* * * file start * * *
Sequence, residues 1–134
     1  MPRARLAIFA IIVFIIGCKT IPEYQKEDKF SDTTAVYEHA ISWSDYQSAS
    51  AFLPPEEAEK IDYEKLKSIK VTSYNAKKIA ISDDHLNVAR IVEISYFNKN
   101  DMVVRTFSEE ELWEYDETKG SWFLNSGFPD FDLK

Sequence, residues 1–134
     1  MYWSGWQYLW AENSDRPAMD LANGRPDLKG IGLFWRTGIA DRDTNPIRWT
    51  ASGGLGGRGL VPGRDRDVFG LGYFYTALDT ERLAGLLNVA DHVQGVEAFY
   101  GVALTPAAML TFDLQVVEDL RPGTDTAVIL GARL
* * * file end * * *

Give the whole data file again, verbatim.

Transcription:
Sequence, residues 1–134
     1  MPRARLAIFA IIVFIIGCKT IPEYQKEDKF SDTTAVYEHA ISWSDYQSAS
    51  AFLPPEEAEK IDYEKLKSIK VTSYNAKKIA ISDDHLNVAR IVEISYFNKN
   101  DMVVRTFSEE ELWEYDETKG SWFLNSGFPD FDLK

Sequence, residues 1–134
     1  MYWSGWQYLW AENSDRPAMD LANGRPDLKG IGLFWRTGIA DRDTNPIRWT
    51  ASGGLGGRGL VPGRDRDVFG LGYFYTALDT ERLAGLLNVA DHVQGVEAFY
   101  GVALTPAAML TFDLQVVEDL RPGTDTAVIL GARL